Since meeting the Wasserstein metric during my PhD journey, I knew about the 1998 paper “The Variational Formulation of the Fokker-Planck Equation” by Richard Jordan, David Kinderlehrer and Felix Otto, thinking this pioneering article lives in its own little corner of mathematics surrounded by Wasserstein-2 gradient flow enthusiasts. Few mathematicians I talked to outside of this bubble seemed to have ever heard of a JKO scheme. Little did I know that this gem is the single most downloaded article of the *SIAM Journal on Mathematical Analysis *since its 50 volumes of existence. Wow.

Why is it so popular? It describes the gradient flow structure of the Fokker-Planck equation using an implicit time discretization in the form of a sequence of variational problems, called “minimizing movements”. In doing so, it builds a bridge between geometric analysis, optimal transportation, quasistatic dissipative evolutions, applied partial differential equations and rational mechanics.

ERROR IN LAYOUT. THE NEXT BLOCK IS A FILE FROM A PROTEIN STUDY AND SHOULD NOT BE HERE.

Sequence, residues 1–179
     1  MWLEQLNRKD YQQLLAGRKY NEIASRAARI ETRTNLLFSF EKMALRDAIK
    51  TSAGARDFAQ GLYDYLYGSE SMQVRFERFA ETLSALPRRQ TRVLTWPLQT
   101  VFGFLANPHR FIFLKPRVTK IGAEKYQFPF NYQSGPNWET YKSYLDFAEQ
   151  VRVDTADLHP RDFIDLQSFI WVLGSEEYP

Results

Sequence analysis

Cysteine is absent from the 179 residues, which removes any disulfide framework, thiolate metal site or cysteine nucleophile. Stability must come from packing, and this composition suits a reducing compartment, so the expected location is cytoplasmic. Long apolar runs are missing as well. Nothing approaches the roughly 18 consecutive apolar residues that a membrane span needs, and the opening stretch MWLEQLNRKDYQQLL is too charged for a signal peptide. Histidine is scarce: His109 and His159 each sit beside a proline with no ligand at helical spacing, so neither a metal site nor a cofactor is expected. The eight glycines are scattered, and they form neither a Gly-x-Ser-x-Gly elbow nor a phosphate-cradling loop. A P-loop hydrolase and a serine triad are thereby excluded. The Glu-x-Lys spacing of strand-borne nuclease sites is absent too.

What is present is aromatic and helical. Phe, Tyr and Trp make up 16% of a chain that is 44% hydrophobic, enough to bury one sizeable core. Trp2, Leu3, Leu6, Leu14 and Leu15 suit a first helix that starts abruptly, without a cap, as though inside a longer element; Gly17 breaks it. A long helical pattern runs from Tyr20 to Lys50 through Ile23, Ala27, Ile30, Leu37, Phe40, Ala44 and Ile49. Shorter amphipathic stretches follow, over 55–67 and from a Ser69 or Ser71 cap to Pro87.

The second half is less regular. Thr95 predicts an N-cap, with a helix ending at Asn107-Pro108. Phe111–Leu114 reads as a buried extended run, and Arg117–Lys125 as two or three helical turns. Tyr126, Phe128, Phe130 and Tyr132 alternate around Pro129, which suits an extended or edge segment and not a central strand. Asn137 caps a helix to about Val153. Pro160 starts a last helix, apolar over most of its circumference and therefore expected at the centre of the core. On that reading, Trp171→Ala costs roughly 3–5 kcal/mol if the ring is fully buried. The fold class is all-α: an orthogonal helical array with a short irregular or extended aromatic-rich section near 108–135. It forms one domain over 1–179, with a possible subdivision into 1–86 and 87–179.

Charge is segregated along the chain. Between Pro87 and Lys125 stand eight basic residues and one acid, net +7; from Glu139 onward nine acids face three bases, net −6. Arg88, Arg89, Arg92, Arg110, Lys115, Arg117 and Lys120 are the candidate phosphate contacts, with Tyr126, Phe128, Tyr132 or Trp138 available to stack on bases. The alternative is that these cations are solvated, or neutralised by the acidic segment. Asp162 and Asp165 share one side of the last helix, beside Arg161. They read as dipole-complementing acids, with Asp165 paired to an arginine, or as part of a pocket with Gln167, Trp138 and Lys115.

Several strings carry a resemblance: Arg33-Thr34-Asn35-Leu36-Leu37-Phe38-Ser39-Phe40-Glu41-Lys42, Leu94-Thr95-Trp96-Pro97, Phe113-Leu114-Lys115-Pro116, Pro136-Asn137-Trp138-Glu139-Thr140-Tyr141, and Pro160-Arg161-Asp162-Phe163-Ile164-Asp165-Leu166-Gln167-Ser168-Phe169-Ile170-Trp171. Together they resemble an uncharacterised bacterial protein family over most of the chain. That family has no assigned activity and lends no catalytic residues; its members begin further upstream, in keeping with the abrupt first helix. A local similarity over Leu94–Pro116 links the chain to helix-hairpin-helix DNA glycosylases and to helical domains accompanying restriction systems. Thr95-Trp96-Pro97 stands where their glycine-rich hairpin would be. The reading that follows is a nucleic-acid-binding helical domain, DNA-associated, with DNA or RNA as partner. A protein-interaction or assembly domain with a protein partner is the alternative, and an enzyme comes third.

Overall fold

For a short summary of the paper and why so many people are interested in it, have a look at this recent article in SIAM NEWS by Felix Otto, mentioning at least 10 mathematicians I’ve had the chance to personally interact with.